Points of Contention

Rather than blindly following a critic’s ratings, judge for yourself.
Most people are aware of the 100-point scale that national publications use to rate wines. Heck, retail shelves are littered with shelf-talkers, wobblers and danglers boasting points awarded by America’s top wine critics.

Whether it’s four stars for movies, five diamonds for restaurants or 100 points for wine, we love ratings. Why? Because Americans like to be right.

So whether you know a little or a lot about wine, selecting a bottle that scores big with the critics can’t be wrong, right?

These coveted ratings are so powerful that many wine-lovers will only stock their cellars with wines that receive 88 points or higher. Thinking back to my public school days, that’s making a solid B unacceptable. Talk about grading on a tough curve!

While critics’ points may help the special-occasion shopper select a quality wine, savvy buyers should be aware of the rating system’s major pitfall before falling under their spell: Just because a wine receives 95 points doesn’t mean that you are going to like it.

Here’s why: Everyone has different taste buds and a different tolerance to sugar, acid, alcohol and tannins (collectively known as the structural components of wine). The idea of placing a numerical value to something that is as subjective and complex as wine is unrealistic.

Can a single number be assigned to flavor and wine enjoyment? Is a 90-point wine really 10 percent more enjoyable than an 80-point wine? And if the critic were asked to sample a wine twice, would the results be exactly the same?

Probably not.

Sample the wine and decide for yourself. If you can assess the quality of a good steak on your plate, you can judge the quality of the wine in your glass.

Uncork a bottle from one of these top-100 rated wines and be your own critic, because when it comes to wine, math is hard.

Marianne Frantz, CWE and founder of the Cleveland Wine School, was joined by Cellar Door Tasting Consultants in selecting and sampling wines for this month’s Cellar Notes.

2007 Sigalas Santorini Barrel, Greece ($29):
Made from the Assyrtiko grape, this medium- to light-bodied wine has lots of mineral notes, crisp acidity and a hint of oak. A great starter with lemony aromas that pair well with most seafood dishes or appetizers.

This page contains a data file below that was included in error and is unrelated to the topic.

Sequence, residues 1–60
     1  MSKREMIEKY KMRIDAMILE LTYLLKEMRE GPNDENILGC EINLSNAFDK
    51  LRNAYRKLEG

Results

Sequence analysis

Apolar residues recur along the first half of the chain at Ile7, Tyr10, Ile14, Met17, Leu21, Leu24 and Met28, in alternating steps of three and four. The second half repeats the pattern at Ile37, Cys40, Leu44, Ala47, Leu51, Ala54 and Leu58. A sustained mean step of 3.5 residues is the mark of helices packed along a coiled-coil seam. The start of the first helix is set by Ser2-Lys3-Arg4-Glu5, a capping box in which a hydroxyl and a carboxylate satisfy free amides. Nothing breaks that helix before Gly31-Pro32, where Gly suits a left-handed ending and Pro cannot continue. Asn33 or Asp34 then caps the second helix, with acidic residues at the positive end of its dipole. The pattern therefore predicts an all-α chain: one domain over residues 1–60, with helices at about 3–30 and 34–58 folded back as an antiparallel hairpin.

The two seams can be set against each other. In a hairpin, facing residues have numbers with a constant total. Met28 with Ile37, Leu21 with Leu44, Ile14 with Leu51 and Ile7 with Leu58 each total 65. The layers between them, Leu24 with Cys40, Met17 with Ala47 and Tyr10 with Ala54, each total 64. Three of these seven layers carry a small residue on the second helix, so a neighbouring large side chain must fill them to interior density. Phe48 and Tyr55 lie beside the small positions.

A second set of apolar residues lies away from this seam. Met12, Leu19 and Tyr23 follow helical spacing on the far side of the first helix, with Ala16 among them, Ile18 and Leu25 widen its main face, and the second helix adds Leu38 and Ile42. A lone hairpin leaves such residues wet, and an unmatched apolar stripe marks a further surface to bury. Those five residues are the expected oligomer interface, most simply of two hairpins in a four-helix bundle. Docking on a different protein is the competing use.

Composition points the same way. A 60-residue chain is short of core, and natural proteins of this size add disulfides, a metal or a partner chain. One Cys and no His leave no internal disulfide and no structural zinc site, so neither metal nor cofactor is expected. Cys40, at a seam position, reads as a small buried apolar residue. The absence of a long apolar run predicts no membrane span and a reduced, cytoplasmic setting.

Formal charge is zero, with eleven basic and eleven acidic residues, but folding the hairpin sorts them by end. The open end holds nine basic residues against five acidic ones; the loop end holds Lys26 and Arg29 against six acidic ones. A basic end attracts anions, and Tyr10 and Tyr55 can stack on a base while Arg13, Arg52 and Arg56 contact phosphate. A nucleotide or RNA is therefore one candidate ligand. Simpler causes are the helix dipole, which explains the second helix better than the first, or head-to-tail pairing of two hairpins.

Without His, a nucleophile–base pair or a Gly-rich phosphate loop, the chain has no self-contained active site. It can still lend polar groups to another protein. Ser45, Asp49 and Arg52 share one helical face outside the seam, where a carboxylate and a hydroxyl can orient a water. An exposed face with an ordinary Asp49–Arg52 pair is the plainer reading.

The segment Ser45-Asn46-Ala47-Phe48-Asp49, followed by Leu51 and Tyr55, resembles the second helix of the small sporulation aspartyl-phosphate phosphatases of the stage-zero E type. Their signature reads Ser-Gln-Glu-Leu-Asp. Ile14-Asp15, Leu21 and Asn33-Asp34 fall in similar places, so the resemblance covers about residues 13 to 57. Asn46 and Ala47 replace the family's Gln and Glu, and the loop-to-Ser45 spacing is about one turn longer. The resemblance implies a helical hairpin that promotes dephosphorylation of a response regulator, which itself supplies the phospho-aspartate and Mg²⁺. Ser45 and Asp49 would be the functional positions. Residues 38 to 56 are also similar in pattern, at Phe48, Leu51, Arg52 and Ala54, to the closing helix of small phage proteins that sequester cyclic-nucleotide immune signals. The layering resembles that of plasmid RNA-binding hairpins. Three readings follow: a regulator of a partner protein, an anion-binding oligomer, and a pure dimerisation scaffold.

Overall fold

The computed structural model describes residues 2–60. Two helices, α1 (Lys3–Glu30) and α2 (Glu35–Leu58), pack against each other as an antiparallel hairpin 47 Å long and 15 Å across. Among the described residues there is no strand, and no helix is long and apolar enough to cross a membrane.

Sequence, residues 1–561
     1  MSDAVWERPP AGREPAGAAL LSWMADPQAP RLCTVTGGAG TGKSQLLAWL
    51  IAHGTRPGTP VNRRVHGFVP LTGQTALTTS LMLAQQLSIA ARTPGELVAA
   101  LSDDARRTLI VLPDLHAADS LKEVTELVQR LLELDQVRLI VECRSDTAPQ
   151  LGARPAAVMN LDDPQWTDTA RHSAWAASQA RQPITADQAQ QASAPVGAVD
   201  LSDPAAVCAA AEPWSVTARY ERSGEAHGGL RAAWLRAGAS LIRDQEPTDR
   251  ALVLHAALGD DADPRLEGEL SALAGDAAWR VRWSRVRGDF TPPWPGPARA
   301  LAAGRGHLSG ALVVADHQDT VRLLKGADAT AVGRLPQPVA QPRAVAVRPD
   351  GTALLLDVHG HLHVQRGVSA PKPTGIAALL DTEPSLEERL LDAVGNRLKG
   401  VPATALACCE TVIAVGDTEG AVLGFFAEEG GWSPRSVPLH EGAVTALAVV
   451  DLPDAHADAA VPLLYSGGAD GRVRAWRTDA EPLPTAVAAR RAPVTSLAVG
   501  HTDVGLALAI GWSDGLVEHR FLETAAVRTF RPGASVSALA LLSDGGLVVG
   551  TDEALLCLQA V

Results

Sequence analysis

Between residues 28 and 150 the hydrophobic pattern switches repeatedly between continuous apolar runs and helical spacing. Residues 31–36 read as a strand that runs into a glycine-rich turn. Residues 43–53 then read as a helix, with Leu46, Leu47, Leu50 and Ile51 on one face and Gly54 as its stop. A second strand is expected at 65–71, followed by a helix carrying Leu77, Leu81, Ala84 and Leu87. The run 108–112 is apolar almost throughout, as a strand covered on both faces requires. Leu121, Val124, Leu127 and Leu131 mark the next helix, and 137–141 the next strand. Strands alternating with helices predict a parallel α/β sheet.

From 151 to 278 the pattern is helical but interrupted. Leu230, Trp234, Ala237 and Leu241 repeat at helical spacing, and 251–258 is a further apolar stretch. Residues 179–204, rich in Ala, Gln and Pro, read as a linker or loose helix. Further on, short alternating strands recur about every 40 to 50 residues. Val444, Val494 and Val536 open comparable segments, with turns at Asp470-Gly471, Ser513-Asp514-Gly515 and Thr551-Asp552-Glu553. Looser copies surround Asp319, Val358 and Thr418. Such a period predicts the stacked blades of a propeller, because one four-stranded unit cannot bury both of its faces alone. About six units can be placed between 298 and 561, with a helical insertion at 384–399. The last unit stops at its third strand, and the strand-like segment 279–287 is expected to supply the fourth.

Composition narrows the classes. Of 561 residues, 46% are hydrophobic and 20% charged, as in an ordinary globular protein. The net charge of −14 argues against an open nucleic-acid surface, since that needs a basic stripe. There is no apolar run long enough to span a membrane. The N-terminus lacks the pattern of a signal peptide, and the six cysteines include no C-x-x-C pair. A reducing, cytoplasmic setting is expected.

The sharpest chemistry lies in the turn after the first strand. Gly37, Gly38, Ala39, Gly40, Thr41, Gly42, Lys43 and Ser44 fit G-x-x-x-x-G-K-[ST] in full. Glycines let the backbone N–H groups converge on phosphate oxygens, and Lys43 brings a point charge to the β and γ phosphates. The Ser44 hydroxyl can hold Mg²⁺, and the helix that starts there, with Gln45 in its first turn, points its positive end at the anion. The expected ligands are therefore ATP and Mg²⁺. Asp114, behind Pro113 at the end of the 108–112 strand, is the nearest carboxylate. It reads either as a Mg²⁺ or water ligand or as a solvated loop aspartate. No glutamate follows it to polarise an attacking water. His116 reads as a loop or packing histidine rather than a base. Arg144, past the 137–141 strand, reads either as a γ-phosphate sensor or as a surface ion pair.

2007 Beaulieu Vineyard Coastal Estates Sauvignon Blanc, Napa Valley, California ($9): A medium body with mouthwatering acidity and fresh tropical fruit aromas makes this wine an excellent quaffing wine for the money. Try with salad and goat cheese for a classic match.

2003 Muga Rioja Reserva, Spain ($30): The Rioja blend (70 percent Tempranillo, 20 percent Grenache, 10 percent Mazuelo and Graciano) gives this wine a medium intensity of sweet black cherry fruit with spice. The tannins are firm yet velvety on the palate. Perfect for winter to spring fare such as lamb.

2005 Quinta do Noval Cedro do Noval, Portugal ($22): Grown on rocky terraces overlooking the Pinhao River in Portugal, this blended wine (Touriga Nacional, Tinta Cao and Touriga Franca) is dark, rich and savory with wild blueberry and floral notes. Try this wine on a cold night with slow-roasted beef in tomato sauce.

2006 Frog’s Leap Zinfandel, Napa Valley, California ($30): This organic Zinfandel has floral aromas with hints of plums and violets. The alcohol is in check, making it elegant instead of a monster. Crisp acidity and velvety tannins make it approachable and a great match for most red meats.

2006 King Estates Vin Glace Pinot Gris, Oregon ($20): Crafted from Pinot Gris grapes in Oregon, this dessert wine is full of apricot, honey and apple aromas that are supported by a good dose of acidity for a clean finish. The grapes are harvested late and frozen, making the juice sugary and the wine a perfect partner for fruit-based desserts.
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